The bedrock of Keynesian economics is that depressions and recessions can be avoided by the government printing and spending a bunch of paper. We can all live in a quasi-economic boom forever by the blessed gift of government intervention.
The key mistake made here as we have discussed in this blog before is hubris. Keynesians believe they have finally found the cure to economic downturns in government power. A “new economy” they spoke of before the dot com bubble burst. The “your house will never lose value” mantra of 2002-2006. They always think they found the key to everyone being rich forever…until all the paper wealth evaporates and the fed has to find another sector to stick it in and tell everyone to go look over there and invest.
Imagine if sleeping were considered “recession”. Then a Keynesian would suggest downing caffeine pills at 3 am and celebrate the fact that you are still awake, though drooling, zombified, and shaking. But you’ve been “stimulated” and the recession of sleep has been countered!
Until of course you run out of caffeine pills and you collapse at high noon in your factory on the assembly line and get tenderized into a car part. That’s when the bubble bursts. So they suggest more caffeine pills and slap themselves on the back with a good raise in printed money salary.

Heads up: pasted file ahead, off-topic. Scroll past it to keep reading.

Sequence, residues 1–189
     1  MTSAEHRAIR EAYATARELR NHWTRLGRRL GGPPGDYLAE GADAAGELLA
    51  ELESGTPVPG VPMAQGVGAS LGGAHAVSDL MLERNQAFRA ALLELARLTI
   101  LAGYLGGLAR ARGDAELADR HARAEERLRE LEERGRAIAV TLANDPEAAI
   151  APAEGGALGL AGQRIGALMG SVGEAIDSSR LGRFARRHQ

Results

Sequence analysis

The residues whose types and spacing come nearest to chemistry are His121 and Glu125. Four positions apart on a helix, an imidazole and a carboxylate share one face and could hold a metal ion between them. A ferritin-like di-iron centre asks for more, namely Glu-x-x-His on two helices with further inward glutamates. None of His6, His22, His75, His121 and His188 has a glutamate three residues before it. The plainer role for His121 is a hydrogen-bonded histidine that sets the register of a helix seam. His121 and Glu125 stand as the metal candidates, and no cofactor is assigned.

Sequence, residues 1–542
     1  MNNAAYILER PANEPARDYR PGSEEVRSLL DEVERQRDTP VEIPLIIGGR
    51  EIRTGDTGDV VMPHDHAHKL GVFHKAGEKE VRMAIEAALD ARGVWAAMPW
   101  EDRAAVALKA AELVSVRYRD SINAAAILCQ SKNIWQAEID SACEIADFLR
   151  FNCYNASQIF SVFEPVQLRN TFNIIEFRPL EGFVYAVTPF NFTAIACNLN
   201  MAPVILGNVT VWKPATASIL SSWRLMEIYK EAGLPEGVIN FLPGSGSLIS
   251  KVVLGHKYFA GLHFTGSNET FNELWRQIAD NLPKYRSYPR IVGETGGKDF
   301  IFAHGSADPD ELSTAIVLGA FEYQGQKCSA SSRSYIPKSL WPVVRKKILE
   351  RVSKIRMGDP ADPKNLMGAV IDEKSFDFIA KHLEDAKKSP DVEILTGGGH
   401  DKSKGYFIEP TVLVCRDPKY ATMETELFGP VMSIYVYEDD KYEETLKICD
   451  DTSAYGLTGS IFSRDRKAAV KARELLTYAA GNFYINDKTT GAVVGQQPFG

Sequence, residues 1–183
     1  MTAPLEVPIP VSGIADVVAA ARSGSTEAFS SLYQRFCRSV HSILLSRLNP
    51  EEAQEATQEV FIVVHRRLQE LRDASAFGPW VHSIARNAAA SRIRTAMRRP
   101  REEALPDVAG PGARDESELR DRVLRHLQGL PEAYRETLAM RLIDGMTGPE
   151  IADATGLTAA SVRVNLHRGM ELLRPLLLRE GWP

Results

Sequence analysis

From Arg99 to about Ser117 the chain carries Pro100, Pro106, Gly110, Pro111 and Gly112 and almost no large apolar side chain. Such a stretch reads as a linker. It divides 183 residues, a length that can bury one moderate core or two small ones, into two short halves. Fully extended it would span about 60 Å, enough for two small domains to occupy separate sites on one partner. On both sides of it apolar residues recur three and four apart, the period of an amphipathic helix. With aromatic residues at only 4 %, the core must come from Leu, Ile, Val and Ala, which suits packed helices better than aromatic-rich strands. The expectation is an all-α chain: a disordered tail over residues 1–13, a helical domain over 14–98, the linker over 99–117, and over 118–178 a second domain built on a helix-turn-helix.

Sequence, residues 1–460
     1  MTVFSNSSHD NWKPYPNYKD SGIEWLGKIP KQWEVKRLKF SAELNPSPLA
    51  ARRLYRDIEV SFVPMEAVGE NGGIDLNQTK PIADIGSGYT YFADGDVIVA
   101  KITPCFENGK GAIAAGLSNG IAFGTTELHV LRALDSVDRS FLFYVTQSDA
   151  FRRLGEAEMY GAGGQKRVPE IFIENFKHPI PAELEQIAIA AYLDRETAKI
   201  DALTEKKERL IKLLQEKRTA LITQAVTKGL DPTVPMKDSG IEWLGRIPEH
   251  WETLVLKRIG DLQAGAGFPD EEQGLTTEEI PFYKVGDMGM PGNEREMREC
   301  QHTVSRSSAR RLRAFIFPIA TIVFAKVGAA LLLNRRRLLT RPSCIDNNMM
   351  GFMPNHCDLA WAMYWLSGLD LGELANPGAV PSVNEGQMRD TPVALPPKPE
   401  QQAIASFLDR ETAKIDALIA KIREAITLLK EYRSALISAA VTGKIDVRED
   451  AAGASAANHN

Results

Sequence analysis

But this post was about military interventionism. Just like economic interventionism, the military kind is based on spending insane amounts of paper money and assuming, with much hubris, that the government can keep the entire world balanced by handing out varying amounts of paper to different dictators and sending in the army all the way to Borneo as needed.
Just as government spending keeps economies in a quasi state of caffeinated zombishness, government spending on the military also keeps the entire world in a piss-offish caffeinated ready-to-strangle-each-other grip until the caffeine runs out and somebody starts WWIII.
Take my country, Israel. American government intervention here has brought us the Oslo Peace Process, which has kept both sides at each other’s throats for 17 years. Or more than that. If we weren’t pressured in ’67 to stop the war, there would be no conflict now. And every time there’s a flare up it just gets worse and everyone intervenes so nobody can win.
How about you just let us go at it until somebody wins and decides what to do with the loser?
There’s some Austrian Economic Foreign Policy for ya.
Ron Paul 2012.
One thought on “Military interventionism and Keynesian interventionism are two sides of the same coin”
Yours is a voice I carefully listen to as a supporter of Israel without exception or qualification. Thank you for your viewpoint, your courage, and your devotion to Liberty, one of Judaism’s central tentet’s, that God created all men to be free. You are in my prayers. Best blessings. Dick Lanham